The 80-acre campus, located off Kissena Boulevard, is on the highest point in the borough. Six of the original Spanish-style buildings dating back to the early 20th century still stand, such as Jefferson Hall, which was built in 1900[citation needed]. The college has since expanded to over 40 buildings, including the main classroom building, Powdermaker Hall, rebuilt in 2003 and named after the college's distinguished anthropologist Hortense Powdermaker.

Queens College is the only CUNY college that participates in Division II sports[citation needed]. A Child Development Center, staffed by professionals, offers inexpensive child care services to students with children. The college is also home to the Godwin-Ternbach Museum, which houses more than 6,000 works of art.

The college holds courses at several off-campus locations, including the 43rd Street Extension Center in Manhattan and the CUNY Center for Higher Education in downtown Flushing, which opened in late 2003.

The college has a low-rise 506-bed residence hall on campus called the Summit Apartments, which opened in the fall of 2009. Queens College is one of only three CUNY campuses with dorm facilities (the other two being Hunter College and City College).

The college is home to the Aaron Copland School of Music, located in the music building that was constructed in 1991. The building houses the music library and the 490-seat LeFrak Concert Hall.

CUNY School of Law was previously located to the west of the campus of Queens College; while it was always a separate administrative unit of CUNY, the building itself read "CUNY School of Law at Queens College," and was once a building for the Department of Education. The CUNY Board of Trustees approved plans for the Law School to be relocated to 2 Court Square in Long Island City, with the first semester of classes held in 2012.[20] Queens College has since taken over the former Law School building, now named Queens Hall and home to the college's language departments.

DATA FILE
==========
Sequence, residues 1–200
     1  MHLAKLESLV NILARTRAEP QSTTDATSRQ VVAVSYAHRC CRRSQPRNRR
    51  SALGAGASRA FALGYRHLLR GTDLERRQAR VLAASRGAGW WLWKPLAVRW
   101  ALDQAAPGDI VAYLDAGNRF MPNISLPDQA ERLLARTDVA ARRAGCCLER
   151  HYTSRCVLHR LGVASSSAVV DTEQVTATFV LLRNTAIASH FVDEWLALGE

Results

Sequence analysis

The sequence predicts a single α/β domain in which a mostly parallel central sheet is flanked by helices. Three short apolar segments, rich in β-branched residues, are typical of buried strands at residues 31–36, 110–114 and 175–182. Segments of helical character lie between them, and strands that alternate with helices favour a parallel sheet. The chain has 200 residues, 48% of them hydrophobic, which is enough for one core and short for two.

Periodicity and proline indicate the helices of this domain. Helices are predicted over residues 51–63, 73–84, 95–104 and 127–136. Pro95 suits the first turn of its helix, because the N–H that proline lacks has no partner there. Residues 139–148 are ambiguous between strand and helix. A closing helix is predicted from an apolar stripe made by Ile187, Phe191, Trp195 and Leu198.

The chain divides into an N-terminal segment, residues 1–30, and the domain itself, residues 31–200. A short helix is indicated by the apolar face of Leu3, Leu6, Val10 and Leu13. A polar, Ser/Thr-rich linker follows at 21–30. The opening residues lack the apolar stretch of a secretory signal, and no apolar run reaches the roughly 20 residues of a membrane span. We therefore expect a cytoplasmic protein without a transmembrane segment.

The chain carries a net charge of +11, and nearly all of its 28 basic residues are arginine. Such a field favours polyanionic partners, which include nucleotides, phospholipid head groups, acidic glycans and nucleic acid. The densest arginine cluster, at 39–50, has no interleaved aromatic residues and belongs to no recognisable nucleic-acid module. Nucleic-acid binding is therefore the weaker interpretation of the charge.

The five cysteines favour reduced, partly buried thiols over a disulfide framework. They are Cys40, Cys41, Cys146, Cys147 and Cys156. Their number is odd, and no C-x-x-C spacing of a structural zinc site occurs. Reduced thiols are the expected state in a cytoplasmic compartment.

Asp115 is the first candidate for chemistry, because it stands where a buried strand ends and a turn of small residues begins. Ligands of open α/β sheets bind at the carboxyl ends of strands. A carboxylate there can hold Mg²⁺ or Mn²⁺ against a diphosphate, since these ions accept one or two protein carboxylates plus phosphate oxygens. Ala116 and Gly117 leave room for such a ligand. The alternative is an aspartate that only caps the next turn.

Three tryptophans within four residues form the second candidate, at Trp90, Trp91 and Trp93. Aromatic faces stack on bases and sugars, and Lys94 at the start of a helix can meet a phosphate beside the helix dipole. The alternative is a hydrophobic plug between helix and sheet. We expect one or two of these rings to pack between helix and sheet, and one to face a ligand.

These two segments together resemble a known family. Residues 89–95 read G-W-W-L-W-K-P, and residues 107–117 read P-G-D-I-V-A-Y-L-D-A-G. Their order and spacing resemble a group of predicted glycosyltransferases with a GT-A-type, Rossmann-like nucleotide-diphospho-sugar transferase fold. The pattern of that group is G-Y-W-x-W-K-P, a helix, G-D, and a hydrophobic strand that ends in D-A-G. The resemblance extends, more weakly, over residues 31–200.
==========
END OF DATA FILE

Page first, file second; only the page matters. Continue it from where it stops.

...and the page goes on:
Townsend Harris High School and John Bowne High School are located at the edge of the Queens College campus.

The Kupferberg Center for the Arts

The Kupferberg Center for the Arts is home to Colden Auditorium, Goldstein Theatre, and the Ethel & Samuel Lefrak Concert Hall. Trevor Noah, Jerry Seinfeld, David Bowie, Patti LaBelle and Johnny Mathis, Victor Manuelle, Cesar Millan, and El Gran Combo have performed at Colden.[29]

Benjamin Rosenthal Library

Rosenthal Library
Rosenthal Library

The campus maintains the Benjamin Rosenthal Library. The library's Chaney-Schwerner-Goodman Clocktower was named after the three civil rights workers who were murdered in 1964, including Andrew Goodman, a Queens College student. Built in 1988, the library contains over 800,000 books, 32,600 print and electronic materials, the electronic archives, a collection of multimedia materials in its Media Center and an art center. The library is also home to the papers of Robert Morris and the Louis Armstrong archives.

The Art Library and the Queens College Art Center are on the sixth floor of Rosenthal. The Art Library has over 70,000 books; 5,000 bound periodicals; and 110,000 slides, pictures, and exhibition catalogs and pamphlets. The collection includes resources for the study of all aspects of the visual arts and material culture, including art and architectural history, theory, criticism, materials, techniques, and practice.

Nurtured by both the Aaron Copland School of Music and the Queens College Libraries, the Music Library has evolved into a first-class research facility and is the largest music collection in the CUNY system. The Music Library is located on two levels in the School of Music building and contains over 35,000 scores, 30,000 books, and 20,000 sound recordings, including the David S. Walker Music Education Collection and the Ursula Springer Choral Music Collection.

Godwin-Ternbach Museum